PARIS — The Cannes Film Festival crams in more than enough to entertain the thousands that show up on the Croisette, but this year, it will unveil even more unusual events.
Most people, given a choice, would not invite 2,000 children over for a movie and a snack. But the Cannes fest, the French Ministry of Education and Unicef are doing just that on the afternoon of May 13, when local school kids will climb the red-carpeted steps to enjoy a program designed just for them.
French animator Michel Ocelot will present a kid-centric master class on frame-by-frame animation, from storyboard to finished sequence. A 20-minute excerpt from his upcoming “Kirikou and the Wild Beasts” will have its world premiere.
Ocelot’s 1998 “Kirikou and the Sorceress,” based on African folktales about a tiny fellow who bursts from his mother’s womb raring to run, sold 1.5 million tickets, and went on to sell 750,000 homevid units and 450,000 picture books.
Animators in France, Vietnam and Latvia have been at work on the new Kirikou film since 2003. Celluloid Dreams has licensed the feature to more than 20 territories. It opens in France on Dec. 7.
After the tailor-made preview, the kids will enjoy a concert in the Lumiere theater followed by a snack on the beach.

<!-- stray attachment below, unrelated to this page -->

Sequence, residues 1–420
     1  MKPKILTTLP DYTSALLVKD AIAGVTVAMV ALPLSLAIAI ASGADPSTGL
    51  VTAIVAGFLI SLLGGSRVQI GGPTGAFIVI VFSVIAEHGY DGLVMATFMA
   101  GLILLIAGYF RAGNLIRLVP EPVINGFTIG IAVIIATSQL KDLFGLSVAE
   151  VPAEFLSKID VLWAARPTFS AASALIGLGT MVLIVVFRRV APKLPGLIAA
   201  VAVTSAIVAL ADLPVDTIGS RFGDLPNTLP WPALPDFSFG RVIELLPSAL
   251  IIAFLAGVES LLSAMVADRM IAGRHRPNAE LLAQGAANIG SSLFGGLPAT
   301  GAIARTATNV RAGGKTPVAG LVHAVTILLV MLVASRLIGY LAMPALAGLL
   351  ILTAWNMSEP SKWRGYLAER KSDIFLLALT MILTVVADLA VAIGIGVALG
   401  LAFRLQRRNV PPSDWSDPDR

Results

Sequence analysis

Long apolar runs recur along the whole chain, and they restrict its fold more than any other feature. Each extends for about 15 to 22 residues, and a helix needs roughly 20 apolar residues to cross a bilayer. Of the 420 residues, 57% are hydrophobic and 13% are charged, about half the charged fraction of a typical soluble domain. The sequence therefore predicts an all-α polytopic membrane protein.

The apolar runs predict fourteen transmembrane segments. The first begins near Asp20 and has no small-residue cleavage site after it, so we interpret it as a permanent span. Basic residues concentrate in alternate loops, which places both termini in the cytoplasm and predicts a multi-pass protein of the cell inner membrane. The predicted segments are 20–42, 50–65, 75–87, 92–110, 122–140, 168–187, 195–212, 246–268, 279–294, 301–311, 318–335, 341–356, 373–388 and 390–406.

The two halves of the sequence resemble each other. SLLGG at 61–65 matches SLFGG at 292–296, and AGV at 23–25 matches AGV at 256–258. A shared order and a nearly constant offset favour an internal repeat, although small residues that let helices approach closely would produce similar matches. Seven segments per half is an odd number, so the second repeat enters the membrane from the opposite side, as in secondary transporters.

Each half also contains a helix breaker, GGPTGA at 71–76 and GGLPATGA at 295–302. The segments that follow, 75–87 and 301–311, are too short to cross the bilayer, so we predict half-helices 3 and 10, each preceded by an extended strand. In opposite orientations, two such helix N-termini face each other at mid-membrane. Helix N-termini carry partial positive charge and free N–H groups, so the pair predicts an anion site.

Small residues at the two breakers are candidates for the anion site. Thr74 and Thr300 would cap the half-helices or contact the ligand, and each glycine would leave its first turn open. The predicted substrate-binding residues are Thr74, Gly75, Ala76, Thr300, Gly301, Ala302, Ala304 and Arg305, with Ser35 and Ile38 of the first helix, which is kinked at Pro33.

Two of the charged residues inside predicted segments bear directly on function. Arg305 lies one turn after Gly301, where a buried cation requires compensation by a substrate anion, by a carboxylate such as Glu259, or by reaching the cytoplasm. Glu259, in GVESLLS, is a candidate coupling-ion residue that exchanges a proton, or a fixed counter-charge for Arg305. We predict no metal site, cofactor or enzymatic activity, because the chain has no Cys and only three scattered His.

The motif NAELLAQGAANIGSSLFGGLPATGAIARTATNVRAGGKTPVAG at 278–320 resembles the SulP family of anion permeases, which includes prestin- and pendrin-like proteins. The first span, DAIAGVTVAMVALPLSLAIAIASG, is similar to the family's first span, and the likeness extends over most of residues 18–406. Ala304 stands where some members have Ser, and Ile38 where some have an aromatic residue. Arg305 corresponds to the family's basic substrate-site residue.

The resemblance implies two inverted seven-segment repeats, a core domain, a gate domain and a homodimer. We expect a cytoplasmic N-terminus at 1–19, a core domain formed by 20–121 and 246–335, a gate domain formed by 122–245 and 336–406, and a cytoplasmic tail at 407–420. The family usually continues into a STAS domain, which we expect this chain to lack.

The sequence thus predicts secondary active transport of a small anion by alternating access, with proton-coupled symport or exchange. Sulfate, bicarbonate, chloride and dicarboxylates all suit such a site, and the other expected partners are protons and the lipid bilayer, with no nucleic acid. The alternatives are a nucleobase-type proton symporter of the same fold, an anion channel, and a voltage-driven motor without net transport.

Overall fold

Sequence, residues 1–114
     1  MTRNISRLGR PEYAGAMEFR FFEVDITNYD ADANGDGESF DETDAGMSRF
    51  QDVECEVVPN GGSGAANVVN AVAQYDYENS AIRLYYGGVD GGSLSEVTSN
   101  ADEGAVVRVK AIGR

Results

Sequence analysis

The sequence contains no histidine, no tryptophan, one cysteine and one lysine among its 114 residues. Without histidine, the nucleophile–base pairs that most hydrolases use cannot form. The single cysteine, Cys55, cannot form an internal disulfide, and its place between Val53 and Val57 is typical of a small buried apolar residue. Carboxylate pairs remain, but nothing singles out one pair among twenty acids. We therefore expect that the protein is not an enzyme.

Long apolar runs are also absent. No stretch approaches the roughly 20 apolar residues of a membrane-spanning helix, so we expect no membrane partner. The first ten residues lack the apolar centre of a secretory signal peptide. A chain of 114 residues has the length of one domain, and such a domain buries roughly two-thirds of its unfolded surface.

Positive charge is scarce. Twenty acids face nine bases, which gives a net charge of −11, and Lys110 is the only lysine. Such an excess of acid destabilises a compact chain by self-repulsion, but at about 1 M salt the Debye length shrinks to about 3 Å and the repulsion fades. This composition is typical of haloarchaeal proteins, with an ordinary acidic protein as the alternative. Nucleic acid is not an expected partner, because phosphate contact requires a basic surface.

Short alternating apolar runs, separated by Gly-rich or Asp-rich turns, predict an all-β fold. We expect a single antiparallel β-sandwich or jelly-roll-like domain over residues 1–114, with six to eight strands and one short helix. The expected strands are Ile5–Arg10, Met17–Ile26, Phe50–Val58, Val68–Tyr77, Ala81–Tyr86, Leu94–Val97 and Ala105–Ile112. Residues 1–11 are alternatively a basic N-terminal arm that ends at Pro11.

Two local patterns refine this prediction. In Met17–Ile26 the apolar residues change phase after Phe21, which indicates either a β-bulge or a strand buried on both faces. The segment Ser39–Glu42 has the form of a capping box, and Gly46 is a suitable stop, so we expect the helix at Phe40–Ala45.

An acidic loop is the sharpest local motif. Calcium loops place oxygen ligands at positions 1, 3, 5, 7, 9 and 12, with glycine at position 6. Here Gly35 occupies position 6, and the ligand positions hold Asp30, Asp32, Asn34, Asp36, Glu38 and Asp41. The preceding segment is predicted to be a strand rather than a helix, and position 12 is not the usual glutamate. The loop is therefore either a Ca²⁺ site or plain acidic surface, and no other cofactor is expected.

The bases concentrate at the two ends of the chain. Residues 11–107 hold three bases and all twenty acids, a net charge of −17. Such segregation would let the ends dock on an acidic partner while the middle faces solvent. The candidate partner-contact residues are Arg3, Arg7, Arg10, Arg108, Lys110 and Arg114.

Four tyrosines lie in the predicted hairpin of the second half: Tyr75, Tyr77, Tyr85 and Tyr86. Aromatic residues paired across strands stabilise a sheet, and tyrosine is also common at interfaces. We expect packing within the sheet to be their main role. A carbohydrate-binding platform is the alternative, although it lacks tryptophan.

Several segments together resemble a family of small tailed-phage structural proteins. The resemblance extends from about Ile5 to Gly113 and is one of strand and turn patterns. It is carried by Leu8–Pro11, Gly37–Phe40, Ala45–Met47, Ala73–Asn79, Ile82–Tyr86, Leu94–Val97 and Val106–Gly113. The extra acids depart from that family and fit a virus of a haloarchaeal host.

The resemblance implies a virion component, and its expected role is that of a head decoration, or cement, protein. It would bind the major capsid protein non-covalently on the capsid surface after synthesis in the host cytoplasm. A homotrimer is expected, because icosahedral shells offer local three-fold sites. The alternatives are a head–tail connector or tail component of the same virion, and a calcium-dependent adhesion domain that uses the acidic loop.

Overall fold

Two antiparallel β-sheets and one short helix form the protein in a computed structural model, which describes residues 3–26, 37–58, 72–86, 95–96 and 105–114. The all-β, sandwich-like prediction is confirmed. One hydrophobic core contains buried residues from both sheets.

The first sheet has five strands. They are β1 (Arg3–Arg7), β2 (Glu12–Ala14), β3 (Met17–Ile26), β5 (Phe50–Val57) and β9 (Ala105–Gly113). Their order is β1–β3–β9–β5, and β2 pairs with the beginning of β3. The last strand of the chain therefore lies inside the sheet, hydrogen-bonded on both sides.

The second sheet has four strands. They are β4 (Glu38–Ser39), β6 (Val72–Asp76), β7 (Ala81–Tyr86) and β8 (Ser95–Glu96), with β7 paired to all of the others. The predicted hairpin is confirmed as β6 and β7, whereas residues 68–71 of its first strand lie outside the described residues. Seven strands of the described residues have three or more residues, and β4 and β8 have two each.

The festival intends to find a suitable children’s film each year from now forward, as a way to cultivate future generations of festgoers.
Another new fest innovation this year is “Tous les Cinema du Monde,” a showcase of shorts, features and docus from one highlighted country per day.
Overseen by Serge Sobczynski and housed in the Intl. Village in its own 175-seat temporary theater, designed by architect Patrick Bouchain, this new initiative aims to sample the range of talent most representative of each nation.
Morocco kicks it off May 14, followed by Mexico, South Africa, Austria, Peru, Sri Lanka and the Philippines.
A third Cannes sideshow is a feature project workshop dubbed the “Atelier.” It’s the fest’s attempt to aid emerging directors seeking to complete financing on otherwise ready-to-roll productions. Cinefondation topper Georges Goldenstern has singled out 18 projects, all of which may be examined on the fest’s Web site (www.festival-cannes.fr).
Cannes has taken it upon itself to schedule meetings between interested parties and the directors, all of whom will be on hand from May 13-15. Potential financiers will be able to view prior work by the aspiring helmers in a dedicated screening facility. Program includes projects from regions including Bosnia, China and Palestine.
One last innovation certain to be popular with festivalgoers is a second chance to see all of the competition titles. The day after each pic has its official red carpet presentation in the Lumiere theater, it will be shown in one of the smaller salles in the Palais. (This is in addition to the regular reshowing of the competition lineup on the fest’s final Sunday.) Accredited attendees need only show their badges — and press will not have priority.